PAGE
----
The present invention is directed to a rotary engine including a housing, a shaft, a plurality of main pistons, a plurality of main piston rods, a plurality of following pistons, a plurality of following piston rods; a following piston timing mechanism and a plurality of timing bars. The housing includes a first portion and a second portion, with the first portion including an upper ring gear and the second portion including a lower ring gear. The first and second portions provide a toroidal passageway having an interior opening, when joined. The shaft is centrally positioned through a center of the upper and lower ring gears. The plurality of main pistons are positioned within the toroidal passageway and each include an elongated main piston seal that extends from an inner face of the main piston. The main pistons are coupled to the shaft by one of the main piston rods. The plurality of following pistons are positioned within the toroidal passageway and each of the following pistons is fixed with respect to the other following pistons and each of the following pistons includes an elongated following piston seal that extends from an inner face of the following piston.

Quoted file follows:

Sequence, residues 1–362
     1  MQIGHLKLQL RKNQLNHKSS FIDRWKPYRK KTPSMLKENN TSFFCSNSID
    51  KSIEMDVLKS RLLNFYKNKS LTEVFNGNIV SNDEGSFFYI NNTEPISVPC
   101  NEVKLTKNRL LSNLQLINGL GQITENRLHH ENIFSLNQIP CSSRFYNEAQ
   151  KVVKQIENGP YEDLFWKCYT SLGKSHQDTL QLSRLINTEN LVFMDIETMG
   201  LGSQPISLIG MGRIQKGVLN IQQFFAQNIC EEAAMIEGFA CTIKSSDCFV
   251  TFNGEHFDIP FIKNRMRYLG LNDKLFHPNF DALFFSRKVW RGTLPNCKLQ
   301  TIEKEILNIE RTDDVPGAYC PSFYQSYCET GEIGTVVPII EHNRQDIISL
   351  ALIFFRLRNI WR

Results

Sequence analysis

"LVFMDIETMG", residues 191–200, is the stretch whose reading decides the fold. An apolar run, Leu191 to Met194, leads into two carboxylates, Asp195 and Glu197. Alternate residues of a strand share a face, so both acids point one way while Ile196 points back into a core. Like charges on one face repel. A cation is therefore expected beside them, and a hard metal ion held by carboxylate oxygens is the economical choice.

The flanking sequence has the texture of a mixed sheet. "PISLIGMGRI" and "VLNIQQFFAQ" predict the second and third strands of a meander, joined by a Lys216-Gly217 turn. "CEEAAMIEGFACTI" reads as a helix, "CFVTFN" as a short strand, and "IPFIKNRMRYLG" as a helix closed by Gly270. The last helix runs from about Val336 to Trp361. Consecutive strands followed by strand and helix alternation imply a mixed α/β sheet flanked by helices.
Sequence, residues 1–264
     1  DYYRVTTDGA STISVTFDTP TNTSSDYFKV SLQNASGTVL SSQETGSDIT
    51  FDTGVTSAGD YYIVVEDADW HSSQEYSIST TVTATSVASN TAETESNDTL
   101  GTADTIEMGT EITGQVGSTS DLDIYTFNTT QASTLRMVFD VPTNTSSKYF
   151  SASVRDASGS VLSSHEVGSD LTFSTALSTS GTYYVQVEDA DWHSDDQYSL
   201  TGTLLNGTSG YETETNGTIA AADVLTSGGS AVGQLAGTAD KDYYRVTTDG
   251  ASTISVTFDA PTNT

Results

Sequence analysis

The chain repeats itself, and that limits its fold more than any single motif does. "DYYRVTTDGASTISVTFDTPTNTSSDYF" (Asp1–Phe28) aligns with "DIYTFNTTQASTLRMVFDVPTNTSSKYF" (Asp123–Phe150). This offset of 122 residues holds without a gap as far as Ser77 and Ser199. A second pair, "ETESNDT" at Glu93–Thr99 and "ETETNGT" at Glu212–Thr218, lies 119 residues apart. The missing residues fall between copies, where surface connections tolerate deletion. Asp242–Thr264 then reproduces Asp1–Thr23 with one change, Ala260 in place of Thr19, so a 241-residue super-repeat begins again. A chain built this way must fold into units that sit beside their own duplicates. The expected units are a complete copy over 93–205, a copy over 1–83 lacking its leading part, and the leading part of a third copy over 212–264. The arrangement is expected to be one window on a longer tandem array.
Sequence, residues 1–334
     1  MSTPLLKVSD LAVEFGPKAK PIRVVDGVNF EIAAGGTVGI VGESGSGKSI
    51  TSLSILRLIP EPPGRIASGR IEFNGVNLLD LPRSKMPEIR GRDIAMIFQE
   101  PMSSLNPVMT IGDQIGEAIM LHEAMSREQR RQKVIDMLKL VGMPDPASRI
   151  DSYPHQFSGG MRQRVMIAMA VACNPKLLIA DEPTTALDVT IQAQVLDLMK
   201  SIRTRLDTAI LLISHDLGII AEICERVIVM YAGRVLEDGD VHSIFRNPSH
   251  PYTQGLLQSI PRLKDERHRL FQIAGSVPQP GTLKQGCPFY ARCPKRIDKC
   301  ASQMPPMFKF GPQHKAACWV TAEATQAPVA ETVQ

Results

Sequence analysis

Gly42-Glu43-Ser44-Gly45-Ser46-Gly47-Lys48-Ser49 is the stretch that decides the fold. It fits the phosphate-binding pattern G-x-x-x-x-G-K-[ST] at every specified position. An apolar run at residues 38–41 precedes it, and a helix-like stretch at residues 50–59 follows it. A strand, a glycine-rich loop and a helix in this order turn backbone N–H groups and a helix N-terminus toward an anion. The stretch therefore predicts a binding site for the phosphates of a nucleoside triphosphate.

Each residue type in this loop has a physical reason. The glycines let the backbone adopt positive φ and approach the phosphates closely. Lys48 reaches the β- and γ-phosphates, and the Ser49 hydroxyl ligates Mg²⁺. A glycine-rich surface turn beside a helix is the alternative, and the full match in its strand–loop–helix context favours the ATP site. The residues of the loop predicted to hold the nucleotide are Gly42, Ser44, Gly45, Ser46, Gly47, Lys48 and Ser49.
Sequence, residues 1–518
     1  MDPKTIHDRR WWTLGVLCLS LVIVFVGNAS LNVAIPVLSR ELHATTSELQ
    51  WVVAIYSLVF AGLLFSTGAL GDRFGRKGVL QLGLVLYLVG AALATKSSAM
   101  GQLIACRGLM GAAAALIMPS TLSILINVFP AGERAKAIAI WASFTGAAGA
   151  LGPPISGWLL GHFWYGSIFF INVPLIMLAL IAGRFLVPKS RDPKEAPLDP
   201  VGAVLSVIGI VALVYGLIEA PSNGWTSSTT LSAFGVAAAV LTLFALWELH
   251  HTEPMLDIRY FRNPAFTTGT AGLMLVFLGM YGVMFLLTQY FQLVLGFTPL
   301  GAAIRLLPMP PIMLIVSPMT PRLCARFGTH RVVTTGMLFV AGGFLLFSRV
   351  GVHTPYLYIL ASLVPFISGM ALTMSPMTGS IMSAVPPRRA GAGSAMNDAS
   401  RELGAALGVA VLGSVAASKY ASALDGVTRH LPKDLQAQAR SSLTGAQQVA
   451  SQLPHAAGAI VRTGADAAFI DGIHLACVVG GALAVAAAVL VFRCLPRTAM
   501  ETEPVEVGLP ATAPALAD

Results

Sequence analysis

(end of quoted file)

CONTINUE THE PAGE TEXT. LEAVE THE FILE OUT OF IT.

One of the following pistons is positioned between each of the main pistons and works in conjunction with one of the main pistons. Each of the following pistons are movably mounted to the shaft by one of the following piston rods and the main piston seal and the following piston seal, in conjunction with a portion of the first and second portions of the housing, provide a combustion chamber for each associated piston pair. The following piston timing mechanism includes an upper timing mount and a lower timing mount spaced apart and each coupled to the shaft. Each of the upper and lower timing mounts includes a plurality of spaced arms, each of which has an associated timing gear movably coupled adjacent to an end of each of the arms. The gears associated with the upper timing mount are in engagement with the upper ring gear and the gears associated with the lower timing mount are in engagement with the lower ring gear. The plurality of timing bars are fixed between and offset from a center of each of the timing gears coupled to the upper and lower timing mounts. The timing bars engage the following piston rods to initiate compression in the combustion chambers.